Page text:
Six Reasons to Consider a Dairy-Free Diet
There are several important health reasons to consider going on a dairy-free diet, including to help control inflammation and to balance hormones.
Milk is made by mammals to feed their young. Milk is a rich source of protein and growth hormones to develop a baby from infancy.
Humans are the only mammals that consume the milk of other animals. We are also the only animals to drink milk in adulthood. While dairy products can be a great source of protein, there may be other problems that come with consuming dairy.
Why Go Dairy-Free?
Going dairy-free is one of the ways that we can reduce inflammation, balance our hormones, and manage other troublesome symptoms. There are several reasons why dairy products can cause problems, and this article includes six reasons to consider going dairy-free.
1. Conventional Dairy Is Not Natural
If you are American, then you certainly are familiar with the “Got Milk?” campaign. This is the conventional dairy industry’s campaign to convince us that milk is healthy for everyone.
And, while we do need some of the vitamins and minerals found in milk (but are widely available in other foods other than dairy), we don’t need to be exposed to the added antibiotics and hormones used in conventional dairy products.
The sad truth is that antibiotics are given to most dairy cows in mass quantities to help prevent infection. These antibiotics are ending up in conventional dairy products, meaning that we end up being exposed to those antibiotics as well. The use of antibiotics in the dairy industry may be one of the causes of antibiotic resistance.
In addition to the antibiotics given to cows that end up in their milk, humans are also being exposed to growth hormones when we consume conventional dairy products.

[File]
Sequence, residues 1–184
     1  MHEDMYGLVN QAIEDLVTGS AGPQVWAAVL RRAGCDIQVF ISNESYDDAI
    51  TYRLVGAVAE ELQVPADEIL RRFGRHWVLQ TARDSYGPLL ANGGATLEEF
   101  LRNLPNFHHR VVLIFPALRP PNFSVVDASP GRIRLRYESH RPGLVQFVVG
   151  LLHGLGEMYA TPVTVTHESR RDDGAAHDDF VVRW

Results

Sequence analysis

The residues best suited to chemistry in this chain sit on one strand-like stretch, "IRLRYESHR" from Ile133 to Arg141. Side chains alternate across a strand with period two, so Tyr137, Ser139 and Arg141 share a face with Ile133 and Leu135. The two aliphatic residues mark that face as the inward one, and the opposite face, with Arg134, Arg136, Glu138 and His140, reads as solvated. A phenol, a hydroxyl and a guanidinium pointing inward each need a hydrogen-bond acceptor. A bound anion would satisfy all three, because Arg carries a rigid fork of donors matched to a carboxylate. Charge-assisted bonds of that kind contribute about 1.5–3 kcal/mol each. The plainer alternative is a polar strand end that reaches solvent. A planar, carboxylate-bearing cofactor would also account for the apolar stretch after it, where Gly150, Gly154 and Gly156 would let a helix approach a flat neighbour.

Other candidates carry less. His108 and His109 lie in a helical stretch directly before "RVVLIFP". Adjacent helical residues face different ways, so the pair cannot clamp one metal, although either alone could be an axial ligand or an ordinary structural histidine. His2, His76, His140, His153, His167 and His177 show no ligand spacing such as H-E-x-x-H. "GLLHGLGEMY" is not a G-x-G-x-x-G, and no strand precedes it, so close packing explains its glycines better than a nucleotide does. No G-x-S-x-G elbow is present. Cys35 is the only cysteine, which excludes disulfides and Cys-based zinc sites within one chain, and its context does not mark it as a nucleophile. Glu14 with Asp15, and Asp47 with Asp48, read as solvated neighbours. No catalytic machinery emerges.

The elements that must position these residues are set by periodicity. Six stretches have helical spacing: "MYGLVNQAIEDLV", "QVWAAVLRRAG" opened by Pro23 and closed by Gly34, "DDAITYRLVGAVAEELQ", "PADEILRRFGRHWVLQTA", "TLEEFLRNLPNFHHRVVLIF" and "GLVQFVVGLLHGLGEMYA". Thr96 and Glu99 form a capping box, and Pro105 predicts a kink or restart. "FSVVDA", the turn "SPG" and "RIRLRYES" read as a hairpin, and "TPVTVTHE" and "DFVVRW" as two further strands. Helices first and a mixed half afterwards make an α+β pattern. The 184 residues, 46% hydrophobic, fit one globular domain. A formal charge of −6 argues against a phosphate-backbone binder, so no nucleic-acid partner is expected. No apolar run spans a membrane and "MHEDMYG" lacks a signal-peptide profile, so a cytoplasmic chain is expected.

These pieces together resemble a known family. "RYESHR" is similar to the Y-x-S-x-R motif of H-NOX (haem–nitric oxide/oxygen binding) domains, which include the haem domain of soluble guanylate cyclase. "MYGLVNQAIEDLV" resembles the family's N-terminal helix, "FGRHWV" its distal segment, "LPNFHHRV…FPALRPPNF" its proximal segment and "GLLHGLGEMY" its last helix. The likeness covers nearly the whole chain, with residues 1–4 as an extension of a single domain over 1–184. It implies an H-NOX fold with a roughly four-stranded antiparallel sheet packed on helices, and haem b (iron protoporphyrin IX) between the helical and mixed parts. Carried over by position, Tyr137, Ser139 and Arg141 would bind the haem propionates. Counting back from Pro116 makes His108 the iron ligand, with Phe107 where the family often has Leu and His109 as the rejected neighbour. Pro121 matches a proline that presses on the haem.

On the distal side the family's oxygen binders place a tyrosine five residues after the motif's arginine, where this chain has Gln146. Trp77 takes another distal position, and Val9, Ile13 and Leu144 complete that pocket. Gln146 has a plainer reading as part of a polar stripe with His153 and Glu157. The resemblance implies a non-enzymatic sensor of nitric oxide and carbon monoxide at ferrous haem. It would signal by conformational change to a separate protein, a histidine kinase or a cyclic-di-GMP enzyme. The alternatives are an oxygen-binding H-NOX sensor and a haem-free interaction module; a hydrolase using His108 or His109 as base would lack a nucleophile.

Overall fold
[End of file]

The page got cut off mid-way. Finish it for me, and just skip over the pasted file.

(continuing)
Conventional dairy operations give dairy cows a synthetic version of Bovine growth hormone (BGH) known as rBGH to stimulate milk production, further increasing the levels of IGF-1 in the milk supply. Higher levels of IGF-1 in humans have been linked to an increased risk of cancer.
2. Dairy Products Can Raise Insulin Levels
Insulin-like growth factor is in milk to help fatten babies. Therefore, consumption of dairy products raises insulin levels. For this reason, drinking milk is not recommended for those who need to avoid excess insulin exposure, such as those with diabetes, polycystic ovary syndrome (PCOS), and other serious metabolic disorders.
Dairy products of all kinds, as well as yogurt, cheese, and anything with casein and whey, can elicit a significant insulin response. One study showed that in some people, dairy products were even more insulinogenic than white bread. Obviously, that’s not good if you’re trying to stay off a blood sugar roller coaster or trying to lose weight.